Kaspersky Lab to open software to review,
says nothing to hide
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[October 23, 2017]
By Jim Finkle and Eric Auchard
(Reuters) - Moscow-based Kaspersky Lab will
ask independent parties to review the security of its anti-virus
software, which the U.S. government has said could jeopardize national
security, citing concerns over Kremlin influence and hijacking by
Kaspersky, which research firm Gartner ranks as one of the world's top
cyber security vendors for consumers, said in a statement that it would
submit the source code of its software and future product updates for
review by a broad cross-section of computer security experts and
It also vowed to have outside parties review other aspects of its
business, including software development. Reviews of its software, which
is used on some 400 million computers worldwide, will begin by the first
quarter of next year, it said.
"We've nothing to hide," Chairman and CEO Eugene Kaspersky said on
Monday. "With these actions we’ll be able to overcome mistrust and
support our commitment to protecting people in any country on our
Kaspersky did not name the outside reviewers, but said they would have
strong software security credentials and be able to conduct technical
audits, source code reviews and vulnerability assessments.
U.S. President Trump's administration last month barred government
agencies from using Kaspersky Lab anti-virus products. The U.S. Senate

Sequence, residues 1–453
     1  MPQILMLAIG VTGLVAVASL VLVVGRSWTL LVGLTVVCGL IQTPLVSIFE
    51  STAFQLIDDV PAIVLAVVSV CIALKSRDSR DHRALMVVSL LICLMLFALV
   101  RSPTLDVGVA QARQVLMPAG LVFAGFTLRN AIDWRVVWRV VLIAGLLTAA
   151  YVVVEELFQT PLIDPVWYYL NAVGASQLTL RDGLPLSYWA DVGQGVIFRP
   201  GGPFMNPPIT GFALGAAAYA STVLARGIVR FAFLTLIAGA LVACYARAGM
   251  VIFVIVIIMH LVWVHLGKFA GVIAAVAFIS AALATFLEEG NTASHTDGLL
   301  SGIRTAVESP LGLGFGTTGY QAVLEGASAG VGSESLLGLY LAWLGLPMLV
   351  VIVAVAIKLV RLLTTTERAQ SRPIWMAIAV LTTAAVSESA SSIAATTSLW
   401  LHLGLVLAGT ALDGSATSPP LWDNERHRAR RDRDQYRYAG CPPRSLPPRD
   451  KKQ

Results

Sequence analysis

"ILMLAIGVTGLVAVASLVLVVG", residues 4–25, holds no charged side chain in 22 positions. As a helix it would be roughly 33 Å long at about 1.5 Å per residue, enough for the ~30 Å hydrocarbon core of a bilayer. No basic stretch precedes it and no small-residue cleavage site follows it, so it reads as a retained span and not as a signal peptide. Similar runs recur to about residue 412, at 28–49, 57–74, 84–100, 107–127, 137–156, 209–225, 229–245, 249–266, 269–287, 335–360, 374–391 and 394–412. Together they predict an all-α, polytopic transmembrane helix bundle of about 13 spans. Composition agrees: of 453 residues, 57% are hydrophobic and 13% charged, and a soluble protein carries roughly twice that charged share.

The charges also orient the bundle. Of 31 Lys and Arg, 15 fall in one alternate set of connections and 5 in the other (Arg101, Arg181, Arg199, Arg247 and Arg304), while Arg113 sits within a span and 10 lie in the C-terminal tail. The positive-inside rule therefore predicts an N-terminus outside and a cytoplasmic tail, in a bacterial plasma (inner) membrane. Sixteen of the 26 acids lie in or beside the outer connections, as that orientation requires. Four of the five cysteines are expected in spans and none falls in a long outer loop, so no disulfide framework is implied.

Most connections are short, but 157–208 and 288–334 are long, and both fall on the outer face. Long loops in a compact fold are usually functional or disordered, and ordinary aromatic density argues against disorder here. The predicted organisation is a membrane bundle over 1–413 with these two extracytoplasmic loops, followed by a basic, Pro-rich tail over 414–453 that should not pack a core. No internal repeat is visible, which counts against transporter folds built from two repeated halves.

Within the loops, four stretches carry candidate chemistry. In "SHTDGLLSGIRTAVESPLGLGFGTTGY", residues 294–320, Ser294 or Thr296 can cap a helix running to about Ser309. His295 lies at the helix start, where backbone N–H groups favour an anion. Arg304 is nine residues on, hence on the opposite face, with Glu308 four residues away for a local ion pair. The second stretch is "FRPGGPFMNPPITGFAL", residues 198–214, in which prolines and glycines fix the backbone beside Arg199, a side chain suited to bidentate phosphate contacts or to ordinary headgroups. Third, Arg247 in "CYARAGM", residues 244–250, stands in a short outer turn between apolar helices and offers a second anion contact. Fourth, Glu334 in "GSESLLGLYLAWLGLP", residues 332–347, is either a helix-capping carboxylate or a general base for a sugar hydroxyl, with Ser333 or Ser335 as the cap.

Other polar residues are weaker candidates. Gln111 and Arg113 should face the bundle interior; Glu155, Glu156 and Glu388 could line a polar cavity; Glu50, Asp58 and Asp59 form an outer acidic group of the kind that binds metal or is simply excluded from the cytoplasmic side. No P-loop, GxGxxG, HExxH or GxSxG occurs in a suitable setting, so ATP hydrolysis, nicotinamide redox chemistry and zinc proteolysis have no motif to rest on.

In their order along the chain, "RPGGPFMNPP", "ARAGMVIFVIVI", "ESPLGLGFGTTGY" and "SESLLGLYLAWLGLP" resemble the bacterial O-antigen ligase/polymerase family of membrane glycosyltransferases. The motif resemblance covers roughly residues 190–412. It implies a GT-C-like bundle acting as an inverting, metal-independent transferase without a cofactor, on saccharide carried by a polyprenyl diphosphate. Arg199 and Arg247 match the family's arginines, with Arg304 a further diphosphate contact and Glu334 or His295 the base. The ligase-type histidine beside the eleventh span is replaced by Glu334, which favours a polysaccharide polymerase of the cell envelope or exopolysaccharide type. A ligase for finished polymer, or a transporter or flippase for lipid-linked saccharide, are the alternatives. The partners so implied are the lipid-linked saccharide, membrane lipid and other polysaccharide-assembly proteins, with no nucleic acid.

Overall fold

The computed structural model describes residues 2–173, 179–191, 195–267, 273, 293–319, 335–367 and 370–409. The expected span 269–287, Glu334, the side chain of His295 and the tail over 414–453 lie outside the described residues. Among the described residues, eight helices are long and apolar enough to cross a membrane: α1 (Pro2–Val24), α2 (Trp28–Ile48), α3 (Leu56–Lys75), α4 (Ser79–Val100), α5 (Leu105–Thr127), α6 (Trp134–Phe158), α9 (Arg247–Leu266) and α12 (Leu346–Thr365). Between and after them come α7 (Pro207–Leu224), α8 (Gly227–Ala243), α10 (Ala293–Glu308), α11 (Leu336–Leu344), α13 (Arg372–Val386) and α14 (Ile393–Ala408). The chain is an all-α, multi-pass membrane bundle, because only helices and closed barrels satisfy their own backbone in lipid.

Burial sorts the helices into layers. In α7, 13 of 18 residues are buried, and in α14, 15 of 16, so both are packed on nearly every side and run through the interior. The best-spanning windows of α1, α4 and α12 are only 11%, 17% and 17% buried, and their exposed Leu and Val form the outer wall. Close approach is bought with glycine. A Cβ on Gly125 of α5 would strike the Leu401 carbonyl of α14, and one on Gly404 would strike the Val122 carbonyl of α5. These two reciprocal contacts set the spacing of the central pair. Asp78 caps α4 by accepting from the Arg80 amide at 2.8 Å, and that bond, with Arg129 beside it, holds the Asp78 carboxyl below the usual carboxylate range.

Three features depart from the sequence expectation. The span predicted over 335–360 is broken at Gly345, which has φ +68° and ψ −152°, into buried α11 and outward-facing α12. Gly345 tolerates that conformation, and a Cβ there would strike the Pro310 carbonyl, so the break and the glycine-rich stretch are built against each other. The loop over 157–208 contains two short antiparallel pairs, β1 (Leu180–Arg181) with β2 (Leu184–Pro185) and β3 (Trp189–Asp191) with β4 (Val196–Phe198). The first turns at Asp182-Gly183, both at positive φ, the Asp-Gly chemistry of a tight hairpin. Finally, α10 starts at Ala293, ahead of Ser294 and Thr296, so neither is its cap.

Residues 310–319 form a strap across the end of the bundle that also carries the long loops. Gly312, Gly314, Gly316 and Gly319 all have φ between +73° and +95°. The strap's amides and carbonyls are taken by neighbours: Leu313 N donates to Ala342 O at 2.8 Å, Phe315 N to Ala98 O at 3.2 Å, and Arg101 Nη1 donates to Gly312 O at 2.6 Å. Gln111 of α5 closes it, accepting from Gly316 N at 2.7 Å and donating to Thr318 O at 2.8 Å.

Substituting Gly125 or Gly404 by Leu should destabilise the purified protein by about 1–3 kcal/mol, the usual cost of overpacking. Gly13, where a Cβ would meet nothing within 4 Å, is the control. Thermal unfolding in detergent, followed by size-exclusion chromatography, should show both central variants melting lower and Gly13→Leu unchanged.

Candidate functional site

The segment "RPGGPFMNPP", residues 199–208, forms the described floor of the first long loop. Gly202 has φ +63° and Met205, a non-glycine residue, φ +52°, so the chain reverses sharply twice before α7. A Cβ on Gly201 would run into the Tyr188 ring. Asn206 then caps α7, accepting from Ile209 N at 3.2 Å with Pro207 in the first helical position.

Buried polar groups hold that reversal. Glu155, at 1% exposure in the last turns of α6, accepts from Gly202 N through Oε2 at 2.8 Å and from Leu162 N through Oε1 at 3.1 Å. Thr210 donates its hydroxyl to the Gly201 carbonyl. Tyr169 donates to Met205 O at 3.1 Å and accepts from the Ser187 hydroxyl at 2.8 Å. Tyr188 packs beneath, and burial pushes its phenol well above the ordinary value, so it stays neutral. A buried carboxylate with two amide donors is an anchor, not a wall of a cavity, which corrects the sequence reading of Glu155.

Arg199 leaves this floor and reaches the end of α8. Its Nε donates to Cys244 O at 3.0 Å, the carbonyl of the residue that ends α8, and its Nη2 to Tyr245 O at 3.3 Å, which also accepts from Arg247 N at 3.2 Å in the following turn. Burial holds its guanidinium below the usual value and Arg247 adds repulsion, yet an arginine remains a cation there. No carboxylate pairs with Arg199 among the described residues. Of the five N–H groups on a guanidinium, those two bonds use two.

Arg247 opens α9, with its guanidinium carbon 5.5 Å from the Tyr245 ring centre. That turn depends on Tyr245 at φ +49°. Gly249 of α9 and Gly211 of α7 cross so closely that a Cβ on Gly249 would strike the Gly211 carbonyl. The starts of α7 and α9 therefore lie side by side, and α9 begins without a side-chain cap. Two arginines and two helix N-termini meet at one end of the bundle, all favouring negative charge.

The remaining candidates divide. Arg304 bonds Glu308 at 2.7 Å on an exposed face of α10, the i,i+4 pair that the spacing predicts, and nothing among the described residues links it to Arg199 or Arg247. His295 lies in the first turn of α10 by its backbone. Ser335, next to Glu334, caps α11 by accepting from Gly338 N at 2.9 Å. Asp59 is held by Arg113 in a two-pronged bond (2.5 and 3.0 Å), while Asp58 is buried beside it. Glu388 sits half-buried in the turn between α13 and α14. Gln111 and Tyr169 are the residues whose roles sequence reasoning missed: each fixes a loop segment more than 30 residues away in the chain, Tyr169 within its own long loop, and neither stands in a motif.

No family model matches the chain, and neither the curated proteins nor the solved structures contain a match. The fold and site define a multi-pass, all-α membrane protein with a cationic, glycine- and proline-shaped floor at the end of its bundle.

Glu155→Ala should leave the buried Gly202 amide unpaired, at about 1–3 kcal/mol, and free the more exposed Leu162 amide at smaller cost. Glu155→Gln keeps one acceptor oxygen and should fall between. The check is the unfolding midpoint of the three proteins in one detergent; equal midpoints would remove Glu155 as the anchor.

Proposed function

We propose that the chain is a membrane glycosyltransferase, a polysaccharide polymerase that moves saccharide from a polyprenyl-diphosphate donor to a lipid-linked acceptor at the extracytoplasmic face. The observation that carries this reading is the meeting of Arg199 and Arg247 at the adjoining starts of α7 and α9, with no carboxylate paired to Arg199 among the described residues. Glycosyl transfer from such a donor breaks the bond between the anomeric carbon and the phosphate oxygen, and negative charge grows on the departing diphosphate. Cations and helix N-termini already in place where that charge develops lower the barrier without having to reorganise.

voted to back the plan.
The world's top cyber security experts are divided over whether Russian
intelligence hijacked Kaspersky software without its knowledge or
whether the firm or one of its employees were complicit.
Israeli intelligence officials said they had found Russian government
hackers using Kaspersky antivirus software to steal spy secrets from the
U.S. National Security Agency, according to reports this month in major
Kaspersky has repeatedly denied those allegations, saying it has not
helped Russia or other governments engage in espionage and that it is
simply caught up in a wider geopolitical spat between Moscow and
Washington following allegations Russian hackers interfered in last
year's U.S. elections.
The Kremlin also denies the allegations.
Some researchers have pointed to the company’s problems in the United
States as an example of the growing Balkanisation of the cyber security
industry, which is making it harder to fight cross-border crime.
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The logo of the anti-virus firm Kaspersky Lab is seen at its
headquarters in Moscow, Russia September 15, 2017. REUTERS/Sergei
U.S. cyber security experts and former officials said the move by
Kaspersky to open its software up for expert review could help
alleviate concerns about future security gaps, but that the company
had a lot of work to do to restore confidence.
Former NSA director Michael Hayden called Kaspersky’s action "a
dramatic step forward, but not necessarily sufficient."
Rodney Joffe, senior vice president at online identity management
firm Neustar and an advisor to the U.S. Federal Communications
Commission, said Kaspersky must show it has fixed all existing
vulnerabilities, not just guarded against new ones.
"A good start would be a release of the source code for the products
already out there, that matches the actual installed code base,"
Joffe told Reuters.
The company said it would open "transparency centers" in Asia,
Europe and the United States where customers, governments and others
can access results of the outside reviews and discuss any concerns
about the security of Kaspersky products.
It also said it would expand a program where it pays independent
security researchers to find security vulnerabilities in its
products, boosting the maximum award size to $100,000 from $5,000.
(Reporting by Jim Finkle in Toronto; John Walcott in Washington
D.C.; Eric Auchard in London and Jeremy Wagstaff in Singapore;
Editing by Lisa Von Ahn, Peter Cooney and Alexander Smith)
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